For the average bankruptcy filer, a bankruptcy case ends (or basically ends) at the conclusion of the 341 Meeting of Creditors, or at the confirmation of a Chapter 13 Plan.  Every once in awhile, however, a debtor will find himself/herself facing an additonal “examination” within the bankruptcy.  This is called the 2004 Examination.  It has nothing to do with the year 2004, despite what this lawyer thought when she first started practicing, but instead refers to rule 2004 of the Federal Rules of Bankruptcy Procedure .  Rule 2004 states that any party in interest to the bankruptcy may request that the Court allow the examination of any entity, including the debtor.  The party in interest can also request that any entity produce relevant documents for examination.  The 2004 exam is often a confusing and scary procedure for a debtor, but is a useful tool for the case trustee and any other party looking to broadly investigate the debtor’s affairs.

Typically, I have seen the 2004 Exam used by a case trustee who believes there may be something more to a bankruptcy case and who wants to continue the investigation beyond the constraints of the 341 Meeting of Creditors.  The trustees are very limited on time at the 341 Meetings and cannot delve too deeply into the debtor’s financial affairs.  If the trustee believes there may be more assets than stated or transfers that may not be legitimate, he/she will request a 2004 Exam to ask further questions about these issues.  Another scenario that commonly triggers the request for a 2004 Exam is when a debtor owns or has owned a business.  Trustees may request a 2004 Exam to investigate the business books and financial records.

So, what does the exam mean for the debtor?  For a debtor that has fully disclosed all of his/her assets and information on his/her bankruptcy petition, the 2004 Exam is mostly a formality.  The trustee will usually hire an attorney to handle the exam and requests for documents.  The requested documents are generally due within a week or two before the scheduled examination date and must be delivered to the attorney conducting the examination.  The examination can last a couple of hours, but if you have prepared sufficient documents, it may be much shorter.  Usually, the request for documents will narrow the scope of the examination, but really any topic is open for questioning.  The Exam is run similar to a deposition and is usually held at an attorney’s office or some other mutually determined location.  If there is a question that you feel you need to discuss with your attorney, it is perfectly acceptable to ask for a private moment with your own counsel.  Depending on the nature of the opposing counsel, he/she may provide you and your attorney with their thoughts on how the case will proceed and if the issues have been resolved by the examination.  Overall, if you have been honest, the 2004 Exam will be a hassle, but nothing to lose sleep over.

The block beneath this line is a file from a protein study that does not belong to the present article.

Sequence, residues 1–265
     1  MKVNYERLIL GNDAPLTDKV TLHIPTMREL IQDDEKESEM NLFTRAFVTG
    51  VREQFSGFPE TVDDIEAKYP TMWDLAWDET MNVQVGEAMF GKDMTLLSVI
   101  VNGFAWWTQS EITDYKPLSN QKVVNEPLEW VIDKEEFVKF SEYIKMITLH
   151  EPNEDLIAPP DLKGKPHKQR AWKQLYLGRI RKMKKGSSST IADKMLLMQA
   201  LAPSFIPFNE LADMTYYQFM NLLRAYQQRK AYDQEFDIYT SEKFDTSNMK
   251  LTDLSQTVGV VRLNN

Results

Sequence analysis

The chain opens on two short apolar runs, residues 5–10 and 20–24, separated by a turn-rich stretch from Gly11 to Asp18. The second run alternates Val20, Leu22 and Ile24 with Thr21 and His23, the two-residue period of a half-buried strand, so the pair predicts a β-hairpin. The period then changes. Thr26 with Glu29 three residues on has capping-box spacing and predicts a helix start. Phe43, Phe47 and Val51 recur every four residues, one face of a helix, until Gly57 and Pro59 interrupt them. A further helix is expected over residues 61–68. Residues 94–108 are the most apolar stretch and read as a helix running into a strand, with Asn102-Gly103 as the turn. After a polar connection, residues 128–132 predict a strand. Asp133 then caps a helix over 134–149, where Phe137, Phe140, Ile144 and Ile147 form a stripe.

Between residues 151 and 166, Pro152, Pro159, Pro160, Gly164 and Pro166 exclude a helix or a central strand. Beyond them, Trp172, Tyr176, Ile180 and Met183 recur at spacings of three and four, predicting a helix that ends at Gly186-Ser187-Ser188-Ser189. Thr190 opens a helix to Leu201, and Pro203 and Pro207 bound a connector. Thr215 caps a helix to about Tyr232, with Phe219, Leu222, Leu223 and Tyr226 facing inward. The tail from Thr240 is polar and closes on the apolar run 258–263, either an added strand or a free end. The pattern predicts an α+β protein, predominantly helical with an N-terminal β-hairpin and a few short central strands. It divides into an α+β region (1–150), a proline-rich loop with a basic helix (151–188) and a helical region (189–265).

Because the reach of the 2004 Exam is so broad, encompassing any “entity,”  one might wonder if a debtor subject to this Exam has any protections.  The answer is yes.  The most significant protection is that the requests of the 2004 Exam cannot subject an examinee to “undue burden.”  Federal Rule of Civil Procedure 45(c)(3)(A)(iv).  Undue burden usually focuses on the cost of the request.  Would the cost to the examinee to procure, copy and produce the documents outweigh the value of those documents?  However, a debtor or other entity may be able to argue that there are other burdens or hardships involved in complying with the 2004 Exam.

Regardless of the situation, the 2004 Exam shows us that bankruptcy is a serious court proceeding.  The best step for avoiding any bankruptcy “tests” is to provide full disclosure to your bankruptcy attorney from the start.

Set up a consultation with one of our experienced bankruptcy attorneys. Contact Perez Law Group, PLLC at (602) 730-7100.